Methods: In a prospective study, 186 adults who had experienced a potentially traumatic event were assessed with the ITI and answered questionnaires for symptoms of posttraumatic stress, other psychiatric disorders, functional disability, and quality of life (QoL).

    Results: The diagnostic rate was 16% for PTSD and 6% for CPTSD. Interrater agreement was satisfactory (α = .76), and confirmatory factor analysis indicated that a two-factor second-20 order model consistent with the ICD-11 model of CPTSD provided acceptable fit to the data. Composite reliability analysis demonstrated that the ITI possessed acceptable internal reliability, and associations with measures of other psychiatric disorders, insomnia, functional disability, and QoL supported the concurrent validity of the ITI.

    Conclusion: Swedish ITI shows promise as a clinician-administered instrument to assess and diagnose ICD-11 PTSD and CPTSD.

  • 8.
    Bondjers, Kristina
    et al.
    Uppsala University, Disciplinary Domain of Medicine and Pharmacy, Medicinska och farmaceutiska vetenskapsområdet, centrumbildningar mm, National Center for Disaster Psychiatry.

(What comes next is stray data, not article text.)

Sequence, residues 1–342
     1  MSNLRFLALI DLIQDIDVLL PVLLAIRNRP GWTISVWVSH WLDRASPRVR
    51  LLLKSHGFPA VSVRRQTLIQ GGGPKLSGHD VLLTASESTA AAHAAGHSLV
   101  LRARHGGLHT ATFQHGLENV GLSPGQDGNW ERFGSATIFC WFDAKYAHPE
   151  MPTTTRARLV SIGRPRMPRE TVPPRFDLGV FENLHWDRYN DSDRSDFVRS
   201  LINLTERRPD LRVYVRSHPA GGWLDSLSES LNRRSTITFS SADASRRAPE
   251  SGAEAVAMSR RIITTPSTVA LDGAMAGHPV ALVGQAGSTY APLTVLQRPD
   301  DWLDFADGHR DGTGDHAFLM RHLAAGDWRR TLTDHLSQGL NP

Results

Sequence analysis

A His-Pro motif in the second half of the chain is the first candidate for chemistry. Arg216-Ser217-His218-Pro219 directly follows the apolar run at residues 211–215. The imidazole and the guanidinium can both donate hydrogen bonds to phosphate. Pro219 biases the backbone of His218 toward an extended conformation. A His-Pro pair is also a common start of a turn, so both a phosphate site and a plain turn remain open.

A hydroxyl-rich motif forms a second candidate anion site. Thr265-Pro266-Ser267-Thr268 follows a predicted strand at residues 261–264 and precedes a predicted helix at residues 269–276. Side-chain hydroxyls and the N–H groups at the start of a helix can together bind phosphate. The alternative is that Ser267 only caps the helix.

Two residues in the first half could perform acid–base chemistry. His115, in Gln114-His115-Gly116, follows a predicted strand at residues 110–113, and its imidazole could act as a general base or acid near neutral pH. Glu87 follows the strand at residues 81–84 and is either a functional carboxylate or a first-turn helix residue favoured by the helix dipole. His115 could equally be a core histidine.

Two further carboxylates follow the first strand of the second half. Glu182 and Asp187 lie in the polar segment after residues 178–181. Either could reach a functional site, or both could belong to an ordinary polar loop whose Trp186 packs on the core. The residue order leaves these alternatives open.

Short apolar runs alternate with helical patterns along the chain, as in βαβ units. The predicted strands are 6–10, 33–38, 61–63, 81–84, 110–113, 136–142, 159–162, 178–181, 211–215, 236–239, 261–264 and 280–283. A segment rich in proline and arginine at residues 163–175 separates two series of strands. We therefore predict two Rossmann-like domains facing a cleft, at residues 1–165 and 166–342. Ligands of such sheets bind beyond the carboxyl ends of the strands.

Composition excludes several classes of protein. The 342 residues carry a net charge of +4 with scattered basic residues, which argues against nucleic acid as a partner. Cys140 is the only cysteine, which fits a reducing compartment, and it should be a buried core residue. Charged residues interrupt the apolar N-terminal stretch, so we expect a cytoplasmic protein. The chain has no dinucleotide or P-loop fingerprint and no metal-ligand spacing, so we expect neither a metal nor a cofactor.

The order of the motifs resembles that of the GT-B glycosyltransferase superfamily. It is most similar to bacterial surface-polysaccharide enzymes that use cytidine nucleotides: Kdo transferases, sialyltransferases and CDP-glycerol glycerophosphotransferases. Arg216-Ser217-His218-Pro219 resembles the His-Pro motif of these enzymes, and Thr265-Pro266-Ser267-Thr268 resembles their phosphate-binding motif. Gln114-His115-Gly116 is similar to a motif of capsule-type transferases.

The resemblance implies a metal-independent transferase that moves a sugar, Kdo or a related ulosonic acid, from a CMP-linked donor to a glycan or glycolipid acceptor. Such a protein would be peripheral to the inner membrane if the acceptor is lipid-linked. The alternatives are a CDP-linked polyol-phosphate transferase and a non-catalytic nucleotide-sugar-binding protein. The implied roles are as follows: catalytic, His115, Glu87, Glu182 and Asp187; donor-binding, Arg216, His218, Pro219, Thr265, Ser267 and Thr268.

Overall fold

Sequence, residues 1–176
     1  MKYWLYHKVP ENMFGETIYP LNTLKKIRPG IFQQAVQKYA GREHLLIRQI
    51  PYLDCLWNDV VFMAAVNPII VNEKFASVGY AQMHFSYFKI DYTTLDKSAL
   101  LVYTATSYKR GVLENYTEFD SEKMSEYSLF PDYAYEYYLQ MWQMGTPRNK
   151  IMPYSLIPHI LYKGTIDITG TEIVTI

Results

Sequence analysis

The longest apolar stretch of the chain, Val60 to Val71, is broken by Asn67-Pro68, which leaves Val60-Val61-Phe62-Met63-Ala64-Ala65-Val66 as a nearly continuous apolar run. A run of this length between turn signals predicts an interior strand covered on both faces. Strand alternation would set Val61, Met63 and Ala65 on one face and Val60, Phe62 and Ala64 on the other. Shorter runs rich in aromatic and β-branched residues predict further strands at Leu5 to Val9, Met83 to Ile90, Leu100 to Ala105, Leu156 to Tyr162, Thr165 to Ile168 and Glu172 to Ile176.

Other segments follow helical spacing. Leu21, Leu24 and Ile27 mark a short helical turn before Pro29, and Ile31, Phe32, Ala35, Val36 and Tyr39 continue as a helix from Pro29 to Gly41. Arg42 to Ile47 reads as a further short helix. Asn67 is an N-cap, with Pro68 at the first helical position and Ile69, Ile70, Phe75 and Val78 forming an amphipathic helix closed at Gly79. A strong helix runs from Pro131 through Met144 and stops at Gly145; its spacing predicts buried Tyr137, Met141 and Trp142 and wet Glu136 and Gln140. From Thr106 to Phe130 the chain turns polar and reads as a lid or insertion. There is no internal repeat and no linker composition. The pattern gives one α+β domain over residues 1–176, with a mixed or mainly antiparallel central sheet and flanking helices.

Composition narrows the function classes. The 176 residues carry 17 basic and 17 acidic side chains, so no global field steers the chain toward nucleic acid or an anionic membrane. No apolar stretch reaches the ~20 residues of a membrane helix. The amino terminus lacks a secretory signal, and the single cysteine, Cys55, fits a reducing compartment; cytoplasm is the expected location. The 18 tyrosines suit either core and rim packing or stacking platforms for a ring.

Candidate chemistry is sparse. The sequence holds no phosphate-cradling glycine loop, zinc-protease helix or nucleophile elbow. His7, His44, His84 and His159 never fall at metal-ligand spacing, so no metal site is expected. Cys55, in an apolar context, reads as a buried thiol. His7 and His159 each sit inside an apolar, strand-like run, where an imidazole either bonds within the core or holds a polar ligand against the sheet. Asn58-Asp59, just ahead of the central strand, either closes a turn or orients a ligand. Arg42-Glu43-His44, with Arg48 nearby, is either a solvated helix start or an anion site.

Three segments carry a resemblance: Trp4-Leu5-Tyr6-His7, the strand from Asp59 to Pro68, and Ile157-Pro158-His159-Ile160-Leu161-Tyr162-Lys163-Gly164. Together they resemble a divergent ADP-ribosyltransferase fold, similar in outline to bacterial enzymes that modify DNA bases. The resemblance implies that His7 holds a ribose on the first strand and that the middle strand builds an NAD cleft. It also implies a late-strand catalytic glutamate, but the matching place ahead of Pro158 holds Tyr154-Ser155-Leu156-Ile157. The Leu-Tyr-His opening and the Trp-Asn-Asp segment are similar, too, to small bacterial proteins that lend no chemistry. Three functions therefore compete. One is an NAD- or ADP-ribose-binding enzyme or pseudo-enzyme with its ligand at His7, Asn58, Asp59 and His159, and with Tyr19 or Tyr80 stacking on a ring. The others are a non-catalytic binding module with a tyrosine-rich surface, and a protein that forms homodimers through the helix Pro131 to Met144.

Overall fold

Sveen, Josefin
    Uppsala University, Disciplinary Domain of Medicine and Pharmacy, Faculty of Medicine, Department of Neuroscience, Ekselius: Psychiatry.
    Willebrand, Mimmie
    Uppsala University, Disciplinary Domain of Medicine and Pharmacy, Faculty of Medicine, Department of Neuroscience.
    Psychometric Properties of the PTSD Checklist for DSM-5 (PCL-5) in parents to children with burns.2015Conference paper (Refereed)
    Abstract [en]

    Introduction Symptoms of post-traumatic stress disorder (PTSD) is a common problem among parents of children with burns. However, there is a paucity of evaluated screening tools for this population. The aim was to evaluate the psychometric properties of the PTSD Checklist (PCL), which is recently revised in accordance to the Diagnostic and statistical manual of mental disorders, 5th ed.